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Tropentag, September 9 - 11, 2020, virtual conference

"Food and nutrition security and its resilience to global crises"


New Heat Resilient Rice Varieties Addressing Climate Change in South and South-East Asia (IRRI)

Nese Sreenivasulu

International Rice Research Institute (IRRI), Applied Functional Genomics and Phenomics, Philippines


Abstract


Changing climates with rising temperatures pose a major threat to sustaining rice production in Asia and Africa, and to global food security. High night temperatures (HNT) cause rice grain yields in Asia to decline by 10% for every 1°C (>23 °C) rise in minimum temperature in rice-growing seasons, and these losses are currently widespread. Under HNT, increases in rates of dark respiration create an imbalance in source-sink relationship with reduced carbohydrate supply to developing seeds, thereby reducing grain yield and quality. Through our extensive screening of MAGICheat population, promising lines have been identified from multiple locations and seasons experiments and they are valuable materials for beneficiary, like NARES breeders with at least 1.5 to 2 tonnes/hectare. The identified QTLs are good sources for breeding heat-tolerant lines for HNT hotspot regions. Within a subset of lines, increased Rn was related to lowering spikelet number per panicle and thus reduced yield. HNT enhanced the night-time consumption of non-structural carbohydrates (NSC) in stem tissue, but not in leaves, and stem night-time NSC consumption was negatively correlated with yield. Between heading and harvest, the main form of stem NSC remobilisation was starch, not soluble sugar. HNT weakened the relationship between NSC remobilisation and harvest index at both the phenotypic and genetic level. Through genome wide association studies (GWAS), an invertase inhibitor, MADS box transcription factors and a UDP-glycosyltransferase that were identified as candidate genes orchestrating stem NSC remobilisation prominent under control were lost under HNT. Through identification of physiological and genetic components related to rice HNT response, this study can help specify breeding targets to sustain yield stability under climate change. These outputs will be beneficial to breeders, and farmers in the regions of rice productivity suffering with heat stress. The tolerant lines with clear yield advantage under HNT were characterised for grain quality preferences and identified lines matching local preferences of Myanmar. Based on conservative estimates, the potential production loss avoided with the adoption of HNT tolerant rice varieties in Bangladesh and Myanmar is 1.2M and 1.7 M tons of paddy, respectively (total of 2.9 M tons for the two countries). This is equivalent to 296M USD for Bangladesh and 348M USD for Myanmar.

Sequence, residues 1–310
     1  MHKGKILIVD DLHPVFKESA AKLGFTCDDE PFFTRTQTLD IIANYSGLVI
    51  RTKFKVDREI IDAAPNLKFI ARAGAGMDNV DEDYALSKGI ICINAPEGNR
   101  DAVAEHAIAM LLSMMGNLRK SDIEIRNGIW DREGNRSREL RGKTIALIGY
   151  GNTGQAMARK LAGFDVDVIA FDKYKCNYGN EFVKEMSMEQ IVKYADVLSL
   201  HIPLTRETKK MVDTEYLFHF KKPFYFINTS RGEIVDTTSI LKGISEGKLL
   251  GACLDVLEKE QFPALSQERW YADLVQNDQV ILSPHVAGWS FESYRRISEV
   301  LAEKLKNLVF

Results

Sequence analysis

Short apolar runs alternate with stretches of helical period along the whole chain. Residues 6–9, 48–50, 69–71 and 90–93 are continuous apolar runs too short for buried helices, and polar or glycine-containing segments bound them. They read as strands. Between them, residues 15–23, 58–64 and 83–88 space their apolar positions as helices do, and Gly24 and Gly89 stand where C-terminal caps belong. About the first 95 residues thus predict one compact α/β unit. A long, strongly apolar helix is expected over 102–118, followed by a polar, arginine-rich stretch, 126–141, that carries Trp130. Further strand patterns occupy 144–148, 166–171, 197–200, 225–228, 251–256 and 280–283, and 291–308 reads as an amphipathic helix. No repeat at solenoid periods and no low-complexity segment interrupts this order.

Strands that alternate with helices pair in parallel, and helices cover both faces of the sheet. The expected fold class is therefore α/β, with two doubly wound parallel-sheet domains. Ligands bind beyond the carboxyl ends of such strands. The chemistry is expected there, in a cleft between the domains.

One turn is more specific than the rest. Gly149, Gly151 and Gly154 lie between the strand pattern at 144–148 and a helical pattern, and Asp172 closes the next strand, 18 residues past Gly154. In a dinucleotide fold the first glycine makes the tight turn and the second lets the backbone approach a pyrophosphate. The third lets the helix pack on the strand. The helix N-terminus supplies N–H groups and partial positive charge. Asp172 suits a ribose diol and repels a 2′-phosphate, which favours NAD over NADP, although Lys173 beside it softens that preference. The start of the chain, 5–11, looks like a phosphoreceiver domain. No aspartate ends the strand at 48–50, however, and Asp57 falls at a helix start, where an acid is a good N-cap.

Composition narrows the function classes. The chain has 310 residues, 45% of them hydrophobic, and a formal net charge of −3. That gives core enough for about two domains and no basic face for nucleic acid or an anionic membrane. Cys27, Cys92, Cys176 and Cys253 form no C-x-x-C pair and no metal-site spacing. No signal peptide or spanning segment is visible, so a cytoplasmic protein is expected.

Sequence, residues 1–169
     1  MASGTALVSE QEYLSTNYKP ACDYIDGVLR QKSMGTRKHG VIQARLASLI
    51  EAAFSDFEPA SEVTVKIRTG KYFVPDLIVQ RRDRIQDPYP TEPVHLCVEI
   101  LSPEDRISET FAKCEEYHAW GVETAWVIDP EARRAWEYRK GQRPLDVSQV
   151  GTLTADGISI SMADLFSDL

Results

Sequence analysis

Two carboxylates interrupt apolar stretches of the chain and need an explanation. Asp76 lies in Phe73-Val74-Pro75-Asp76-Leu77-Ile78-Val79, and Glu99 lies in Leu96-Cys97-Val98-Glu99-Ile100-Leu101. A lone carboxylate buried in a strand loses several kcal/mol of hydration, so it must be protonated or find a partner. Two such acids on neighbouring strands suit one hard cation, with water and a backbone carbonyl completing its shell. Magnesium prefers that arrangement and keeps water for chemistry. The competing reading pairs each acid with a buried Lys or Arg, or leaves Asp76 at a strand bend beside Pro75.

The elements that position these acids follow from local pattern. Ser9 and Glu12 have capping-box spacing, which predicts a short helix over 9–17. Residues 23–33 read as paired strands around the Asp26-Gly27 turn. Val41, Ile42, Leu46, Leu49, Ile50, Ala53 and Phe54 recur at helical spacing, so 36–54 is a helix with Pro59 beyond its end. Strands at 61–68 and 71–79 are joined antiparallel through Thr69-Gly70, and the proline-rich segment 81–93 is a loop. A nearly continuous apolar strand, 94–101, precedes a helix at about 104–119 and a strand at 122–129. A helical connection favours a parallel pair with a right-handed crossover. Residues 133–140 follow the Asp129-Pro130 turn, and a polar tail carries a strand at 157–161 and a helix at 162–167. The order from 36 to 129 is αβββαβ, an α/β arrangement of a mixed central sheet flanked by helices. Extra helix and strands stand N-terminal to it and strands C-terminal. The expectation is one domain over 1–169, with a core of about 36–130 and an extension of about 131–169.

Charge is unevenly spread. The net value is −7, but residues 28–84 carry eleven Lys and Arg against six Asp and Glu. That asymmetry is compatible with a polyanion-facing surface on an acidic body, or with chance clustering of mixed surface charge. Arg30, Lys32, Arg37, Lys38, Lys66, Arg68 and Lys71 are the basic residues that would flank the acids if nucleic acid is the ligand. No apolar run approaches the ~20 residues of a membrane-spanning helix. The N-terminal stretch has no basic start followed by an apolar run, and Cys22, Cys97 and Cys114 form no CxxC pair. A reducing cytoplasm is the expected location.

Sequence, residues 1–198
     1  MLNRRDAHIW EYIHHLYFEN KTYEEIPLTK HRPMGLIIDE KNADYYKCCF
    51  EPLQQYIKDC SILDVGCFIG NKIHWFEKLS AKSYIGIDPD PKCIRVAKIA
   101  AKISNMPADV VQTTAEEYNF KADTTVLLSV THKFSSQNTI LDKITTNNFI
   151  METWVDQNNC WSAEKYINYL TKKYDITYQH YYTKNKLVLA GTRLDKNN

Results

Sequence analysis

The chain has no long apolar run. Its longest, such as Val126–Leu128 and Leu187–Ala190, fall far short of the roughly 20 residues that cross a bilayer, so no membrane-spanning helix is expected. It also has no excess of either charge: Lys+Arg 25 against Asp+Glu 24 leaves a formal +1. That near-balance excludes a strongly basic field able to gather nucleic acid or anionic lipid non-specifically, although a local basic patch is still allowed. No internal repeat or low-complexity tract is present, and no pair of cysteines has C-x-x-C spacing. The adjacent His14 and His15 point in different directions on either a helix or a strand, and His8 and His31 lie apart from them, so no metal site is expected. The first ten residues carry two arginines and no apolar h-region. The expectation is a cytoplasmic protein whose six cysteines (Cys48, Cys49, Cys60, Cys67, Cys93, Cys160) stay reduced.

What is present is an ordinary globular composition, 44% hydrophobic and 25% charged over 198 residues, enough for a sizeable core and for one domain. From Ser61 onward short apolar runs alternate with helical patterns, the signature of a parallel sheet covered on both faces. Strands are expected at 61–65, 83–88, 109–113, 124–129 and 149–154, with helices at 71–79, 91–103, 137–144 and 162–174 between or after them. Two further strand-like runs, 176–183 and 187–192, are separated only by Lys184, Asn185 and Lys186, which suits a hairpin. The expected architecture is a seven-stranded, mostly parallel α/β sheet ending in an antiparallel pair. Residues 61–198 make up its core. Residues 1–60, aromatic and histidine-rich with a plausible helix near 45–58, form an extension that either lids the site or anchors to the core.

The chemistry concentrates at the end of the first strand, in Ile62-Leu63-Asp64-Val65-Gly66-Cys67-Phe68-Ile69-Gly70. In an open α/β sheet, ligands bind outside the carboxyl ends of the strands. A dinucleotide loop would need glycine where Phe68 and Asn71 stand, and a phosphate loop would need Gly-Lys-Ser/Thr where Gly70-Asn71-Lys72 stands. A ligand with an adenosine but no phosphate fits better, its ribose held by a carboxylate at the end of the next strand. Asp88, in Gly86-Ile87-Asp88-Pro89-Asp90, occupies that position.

Contact Address: Nese Sreenivasulu, International Rice Research Institute (IRRI), Applied Functional Genomics and Phenomics, College, 4030 Los Banos, Laguna, Philippines, e-mail: n.sreenivasulu@irri.org


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